Zionism, not Israel at issue
In "Hostility to Israel an ANC ploy to woo Cape Muslims" (August 31), Ben Levitas, chairperson of the Cape council of the South African Zionist Federation, offers nothing new to convince critics of Israel to rethink their position on this apartheid state.
The various Palestinian-solidarity formations in South Africa are not anti-Israel or anti-Jewish. They are anti-apartheid, anti-discriminatory, anti-Zionist and anti-oppression: they seek justice and fairness for all.
To the ill-informed, Levitas's pro-Israel arguments may sound convincing. But John Dugard, the former United Nations human rights rapporteur, stated in 2007 that "Israel is clearly in military occupation of the occupied Palestinian territories. At the same time, elements of the occupation constitute forms of colonialism and of apartheid and are contrary to international law." Article 7(1)(j) of the Rome Statute of the International Criminal Court calls apartheid a crime that includes murder, extermination, enslavement, torture, arbitrary arrest, illegal imprisonment, denial of the right to life and liberty, and other abuse by one group of another.
Deputy Foreign Minister Ebrahim Ebrahim is aware of these human rights violations and the flouting of international law by the Zionist authorities. The core of Zionism is a sophisticated regime of political, social, economic and legal discrimination that has led to colonialism and apartheid as well as the displacement and dispossession of the Palestinian people.
Muslim support for the ANC in the Western Cape is based on the community's history during the apartheid era. Any suggestion otherwise is mischievous, or Levitas simply does not understand the psyche of the Muslim voter. – Ibrahim Vawda, Media Review Network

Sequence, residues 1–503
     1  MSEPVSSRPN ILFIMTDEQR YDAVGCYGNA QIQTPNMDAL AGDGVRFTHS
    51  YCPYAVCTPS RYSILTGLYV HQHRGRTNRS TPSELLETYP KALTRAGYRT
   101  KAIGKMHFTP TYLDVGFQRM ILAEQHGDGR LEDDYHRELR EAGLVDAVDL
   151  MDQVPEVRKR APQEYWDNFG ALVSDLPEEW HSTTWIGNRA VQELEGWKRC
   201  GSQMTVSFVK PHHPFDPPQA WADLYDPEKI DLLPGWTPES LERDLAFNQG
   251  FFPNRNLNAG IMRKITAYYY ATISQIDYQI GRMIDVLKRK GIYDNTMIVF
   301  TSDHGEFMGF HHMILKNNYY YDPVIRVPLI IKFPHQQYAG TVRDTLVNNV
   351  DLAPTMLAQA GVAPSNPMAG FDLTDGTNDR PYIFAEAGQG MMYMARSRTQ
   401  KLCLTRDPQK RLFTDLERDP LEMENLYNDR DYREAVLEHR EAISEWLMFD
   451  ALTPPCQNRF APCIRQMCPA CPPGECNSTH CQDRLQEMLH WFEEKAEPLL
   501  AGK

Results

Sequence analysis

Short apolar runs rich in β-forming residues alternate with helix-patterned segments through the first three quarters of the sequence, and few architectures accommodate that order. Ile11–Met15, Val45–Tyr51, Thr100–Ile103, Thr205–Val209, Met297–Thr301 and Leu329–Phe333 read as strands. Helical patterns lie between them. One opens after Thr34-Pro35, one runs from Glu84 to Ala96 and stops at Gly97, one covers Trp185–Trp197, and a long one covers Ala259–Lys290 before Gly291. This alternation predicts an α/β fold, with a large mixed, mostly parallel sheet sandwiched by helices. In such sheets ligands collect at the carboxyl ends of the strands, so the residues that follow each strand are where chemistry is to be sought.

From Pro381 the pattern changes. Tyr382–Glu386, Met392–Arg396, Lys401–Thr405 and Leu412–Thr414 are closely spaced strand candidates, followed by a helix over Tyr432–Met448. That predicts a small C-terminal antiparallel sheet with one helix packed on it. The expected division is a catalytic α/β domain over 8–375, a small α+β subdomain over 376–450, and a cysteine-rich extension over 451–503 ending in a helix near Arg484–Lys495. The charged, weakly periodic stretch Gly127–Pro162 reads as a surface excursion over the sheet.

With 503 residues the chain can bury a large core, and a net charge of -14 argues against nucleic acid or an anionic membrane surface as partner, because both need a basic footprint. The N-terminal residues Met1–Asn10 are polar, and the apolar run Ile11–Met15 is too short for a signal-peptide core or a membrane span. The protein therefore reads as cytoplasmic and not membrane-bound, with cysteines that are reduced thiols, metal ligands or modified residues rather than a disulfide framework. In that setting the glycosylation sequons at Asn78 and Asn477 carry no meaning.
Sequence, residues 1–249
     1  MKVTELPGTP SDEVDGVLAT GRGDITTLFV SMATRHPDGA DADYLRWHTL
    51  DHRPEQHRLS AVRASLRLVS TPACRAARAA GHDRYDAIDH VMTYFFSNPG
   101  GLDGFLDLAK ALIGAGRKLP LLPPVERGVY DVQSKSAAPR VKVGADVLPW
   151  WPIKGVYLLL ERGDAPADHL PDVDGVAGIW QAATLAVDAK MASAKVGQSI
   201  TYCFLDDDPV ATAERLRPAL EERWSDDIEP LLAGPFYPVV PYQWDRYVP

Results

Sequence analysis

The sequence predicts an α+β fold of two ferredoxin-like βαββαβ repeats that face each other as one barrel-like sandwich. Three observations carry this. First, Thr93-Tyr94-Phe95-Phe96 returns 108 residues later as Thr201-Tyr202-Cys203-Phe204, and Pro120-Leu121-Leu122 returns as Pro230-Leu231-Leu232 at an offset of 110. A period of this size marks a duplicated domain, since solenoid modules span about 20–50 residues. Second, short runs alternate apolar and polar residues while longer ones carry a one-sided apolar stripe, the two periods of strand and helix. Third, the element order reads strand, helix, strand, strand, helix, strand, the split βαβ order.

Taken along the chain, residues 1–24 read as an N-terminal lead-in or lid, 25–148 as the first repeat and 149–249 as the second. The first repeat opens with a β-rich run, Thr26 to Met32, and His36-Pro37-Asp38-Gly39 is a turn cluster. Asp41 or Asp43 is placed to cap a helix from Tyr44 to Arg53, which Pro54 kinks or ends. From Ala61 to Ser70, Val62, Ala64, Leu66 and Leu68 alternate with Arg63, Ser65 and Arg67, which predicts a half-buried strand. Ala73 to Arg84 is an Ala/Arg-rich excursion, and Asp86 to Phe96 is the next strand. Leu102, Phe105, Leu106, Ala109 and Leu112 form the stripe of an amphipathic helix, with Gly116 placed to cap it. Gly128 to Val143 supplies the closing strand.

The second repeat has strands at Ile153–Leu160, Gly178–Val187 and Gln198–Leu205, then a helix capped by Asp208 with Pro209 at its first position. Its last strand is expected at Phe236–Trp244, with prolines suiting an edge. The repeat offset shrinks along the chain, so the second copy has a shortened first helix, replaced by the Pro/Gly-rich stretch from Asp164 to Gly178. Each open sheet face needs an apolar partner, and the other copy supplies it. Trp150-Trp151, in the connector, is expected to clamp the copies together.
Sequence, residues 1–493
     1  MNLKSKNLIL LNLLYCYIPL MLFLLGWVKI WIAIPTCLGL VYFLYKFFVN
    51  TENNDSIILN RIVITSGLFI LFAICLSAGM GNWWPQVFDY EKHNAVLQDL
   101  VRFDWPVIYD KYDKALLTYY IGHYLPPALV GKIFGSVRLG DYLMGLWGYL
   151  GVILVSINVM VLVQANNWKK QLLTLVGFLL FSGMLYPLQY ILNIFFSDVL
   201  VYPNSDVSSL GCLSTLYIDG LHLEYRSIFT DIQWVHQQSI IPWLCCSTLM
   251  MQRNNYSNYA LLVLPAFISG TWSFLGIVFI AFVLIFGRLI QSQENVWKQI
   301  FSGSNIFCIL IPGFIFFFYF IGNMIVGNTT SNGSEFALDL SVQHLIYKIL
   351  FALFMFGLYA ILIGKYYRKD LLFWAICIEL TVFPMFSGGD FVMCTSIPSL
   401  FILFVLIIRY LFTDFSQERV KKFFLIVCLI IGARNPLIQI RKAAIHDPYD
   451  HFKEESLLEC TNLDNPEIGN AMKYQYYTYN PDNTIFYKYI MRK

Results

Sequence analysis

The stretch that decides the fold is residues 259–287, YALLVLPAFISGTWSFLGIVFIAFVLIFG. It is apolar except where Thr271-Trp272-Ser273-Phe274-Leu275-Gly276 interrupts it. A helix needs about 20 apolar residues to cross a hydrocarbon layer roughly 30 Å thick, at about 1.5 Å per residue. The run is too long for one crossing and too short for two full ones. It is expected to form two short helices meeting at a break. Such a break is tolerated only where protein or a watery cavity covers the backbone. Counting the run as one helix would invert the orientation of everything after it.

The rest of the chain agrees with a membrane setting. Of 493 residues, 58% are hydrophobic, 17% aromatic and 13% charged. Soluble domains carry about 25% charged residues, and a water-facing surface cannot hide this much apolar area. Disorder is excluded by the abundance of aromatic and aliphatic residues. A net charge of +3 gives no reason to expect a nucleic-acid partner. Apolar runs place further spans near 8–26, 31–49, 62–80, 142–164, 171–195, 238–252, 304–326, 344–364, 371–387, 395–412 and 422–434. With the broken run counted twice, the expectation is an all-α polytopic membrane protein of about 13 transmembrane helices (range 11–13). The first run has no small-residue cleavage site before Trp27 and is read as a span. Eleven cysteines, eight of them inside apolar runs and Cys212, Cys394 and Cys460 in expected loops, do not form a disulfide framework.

Levitas fails to understand that South Africa's foreign policy regarding Palestine is not based on economic profitability, but on morality. South Africa, because of its history of apartheid, has always been sympathetic to the Palestinian plight.
Palestinians are forced to carry around identity booklets and have their movements inhibited by Israeli checkpoints. This is similar to the conditions black South Africans lived under during apartheid.
South Africa's support for Palestine should not be considered a "threat" to Israel. It is possible for the South African government to maintain relations with both nations. But although South Africa continues its economic and political relationship with Israel, it does feel the need to take a stand against the injustices committed by Israel in Palestine.
Levitas's claim that "an estimated R30-million has been spent on supporting the Palestinian ambassador in South Africa" is based on false information. His claim that "in the past year, about R2-million has been spent on Palestinian refugees and millions on sports stadiums in the West bank" is equally misinformed. The stadium being built in the West Bank is a joint effort by Ibsa (India, Brazil and South Africa) to help to end the economic crisis in Palestine.
South Africans have chosen to support Palestine in its struggle for nationhood. This does not undermine the importance of a relationship with Israel. – Noura Halimeh, Pretoria